Julius Nyerere’s Vision of Epistemic Revival and Liberation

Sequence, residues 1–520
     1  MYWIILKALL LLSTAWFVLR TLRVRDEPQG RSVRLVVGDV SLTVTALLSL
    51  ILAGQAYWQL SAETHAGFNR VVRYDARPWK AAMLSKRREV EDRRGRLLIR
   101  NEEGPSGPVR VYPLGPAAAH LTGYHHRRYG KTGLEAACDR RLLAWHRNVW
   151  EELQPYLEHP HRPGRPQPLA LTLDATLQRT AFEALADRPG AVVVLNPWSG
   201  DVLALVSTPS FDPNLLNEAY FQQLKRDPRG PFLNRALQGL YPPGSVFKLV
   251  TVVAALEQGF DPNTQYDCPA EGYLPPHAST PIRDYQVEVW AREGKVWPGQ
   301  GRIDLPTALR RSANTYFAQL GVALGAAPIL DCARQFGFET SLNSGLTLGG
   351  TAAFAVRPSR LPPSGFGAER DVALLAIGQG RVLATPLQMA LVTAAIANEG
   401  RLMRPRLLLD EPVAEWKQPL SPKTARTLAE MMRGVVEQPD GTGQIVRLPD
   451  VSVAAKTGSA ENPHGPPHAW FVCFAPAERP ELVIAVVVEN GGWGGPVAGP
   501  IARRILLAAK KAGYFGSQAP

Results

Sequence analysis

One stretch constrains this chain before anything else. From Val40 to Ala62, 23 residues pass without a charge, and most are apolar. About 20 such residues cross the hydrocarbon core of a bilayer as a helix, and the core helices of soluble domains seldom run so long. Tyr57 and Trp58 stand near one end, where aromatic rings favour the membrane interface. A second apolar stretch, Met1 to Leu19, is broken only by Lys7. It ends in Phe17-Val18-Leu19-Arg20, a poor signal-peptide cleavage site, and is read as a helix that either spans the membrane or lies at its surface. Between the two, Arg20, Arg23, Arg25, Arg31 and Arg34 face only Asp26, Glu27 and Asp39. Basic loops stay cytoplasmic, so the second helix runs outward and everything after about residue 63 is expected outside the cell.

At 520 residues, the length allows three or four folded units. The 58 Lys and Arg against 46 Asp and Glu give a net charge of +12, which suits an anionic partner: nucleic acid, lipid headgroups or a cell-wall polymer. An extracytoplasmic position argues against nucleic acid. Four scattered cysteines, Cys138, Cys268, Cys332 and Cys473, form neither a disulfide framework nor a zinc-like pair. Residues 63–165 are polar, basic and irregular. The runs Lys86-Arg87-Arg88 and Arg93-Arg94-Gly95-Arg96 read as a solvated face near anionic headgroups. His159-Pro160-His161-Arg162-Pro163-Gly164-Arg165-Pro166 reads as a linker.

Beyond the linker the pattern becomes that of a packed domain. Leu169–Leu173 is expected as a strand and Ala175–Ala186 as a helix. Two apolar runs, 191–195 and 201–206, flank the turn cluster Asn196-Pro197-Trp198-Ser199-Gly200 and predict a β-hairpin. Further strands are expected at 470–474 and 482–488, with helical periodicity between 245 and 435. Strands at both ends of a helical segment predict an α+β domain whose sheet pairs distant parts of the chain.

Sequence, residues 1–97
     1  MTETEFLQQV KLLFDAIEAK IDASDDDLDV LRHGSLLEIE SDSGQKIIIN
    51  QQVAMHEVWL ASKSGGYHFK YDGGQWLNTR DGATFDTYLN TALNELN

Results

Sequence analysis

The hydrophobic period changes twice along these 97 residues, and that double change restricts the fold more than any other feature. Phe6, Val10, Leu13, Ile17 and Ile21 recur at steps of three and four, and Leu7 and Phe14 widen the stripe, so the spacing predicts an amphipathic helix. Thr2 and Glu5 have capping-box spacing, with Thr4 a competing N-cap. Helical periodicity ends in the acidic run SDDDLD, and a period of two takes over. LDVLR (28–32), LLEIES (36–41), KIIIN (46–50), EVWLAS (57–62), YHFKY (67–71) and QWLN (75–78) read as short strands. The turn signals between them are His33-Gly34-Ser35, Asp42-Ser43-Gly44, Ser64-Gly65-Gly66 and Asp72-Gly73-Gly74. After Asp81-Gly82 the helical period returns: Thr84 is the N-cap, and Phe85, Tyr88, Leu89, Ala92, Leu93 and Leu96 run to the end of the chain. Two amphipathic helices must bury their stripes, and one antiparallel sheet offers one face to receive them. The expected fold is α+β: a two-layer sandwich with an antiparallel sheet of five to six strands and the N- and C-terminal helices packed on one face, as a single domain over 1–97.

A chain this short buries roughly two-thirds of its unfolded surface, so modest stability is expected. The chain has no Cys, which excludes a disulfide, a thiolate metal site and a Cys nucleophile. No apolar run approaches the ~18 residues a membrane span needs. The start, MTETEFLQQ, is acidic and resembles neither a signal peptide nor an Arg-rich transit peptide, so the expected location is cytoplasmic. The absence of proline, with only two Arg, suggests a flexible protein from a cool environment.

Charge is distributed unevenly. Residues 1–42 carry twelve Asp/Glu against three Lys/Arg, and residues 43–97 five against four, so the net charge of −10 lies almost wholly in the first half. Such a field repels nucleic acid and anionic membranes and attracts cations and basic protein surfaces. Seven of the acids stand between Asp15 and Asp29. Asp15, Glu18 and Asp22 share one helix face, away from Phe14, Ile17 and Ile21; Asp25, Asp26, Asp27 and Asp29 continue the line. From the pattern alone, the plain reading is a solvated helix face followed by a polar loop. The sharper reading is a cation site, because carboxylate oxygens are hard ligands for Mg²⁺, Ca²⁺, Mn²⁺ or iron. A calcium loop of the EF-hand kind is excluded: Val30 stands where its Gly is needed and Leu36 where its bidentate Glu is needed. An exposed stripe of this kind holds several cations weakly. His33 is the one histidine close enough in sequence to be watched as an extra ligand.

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Julius Nyerere was one of the founding fathers of an independent African state, namely, Tanzania (formerly Tanganyika). Like other African leaders of new African states, such as Patrice Lumumba, Kwame Nkrumah, and Kenneth Kaunda, he worked tirelessly to transform his country and obliterate colonial vestiges. Furthermore, like his contemporaries, he dreamed of bringing forth a new Africa that would reflect the Pan-African ideals that he cherished. This conceptual article revisits Nyerere’s philosophy and examines its relevance to Africa today. In the past decade, there have been continuous debates in South Africa as to how institutions can be decolonized, and Nyerere was among the first to talk about decolonization of higher education institutions in Tanganyika, as well as Africanization of public services. The article examines how his philosophy draws from Pan Africanism, education, African socialism, and African Renaissance. As the article examines these, it reveals how a transforming Africa can glean from Nyerere’s principles. The article’s conclusions demonstrate that there is still much that can be extracted from Nyerere’s philosophy; the unity he talked about, as a strategy of uniting Africa by utilizing his Pan Africanist ideals; the critical consciousness in education; the idea of community in society; as well as a need for Africanizing public institutions for better service. More than five decades after he first raised this philosophy, the decolonial debates resonate with his ideas. In fact, all African states should explore how they could revive Julius Nyerere by living his philosophy. His philosophy embraced strategies of not only building a new society but living and preparing for an African Renaissance.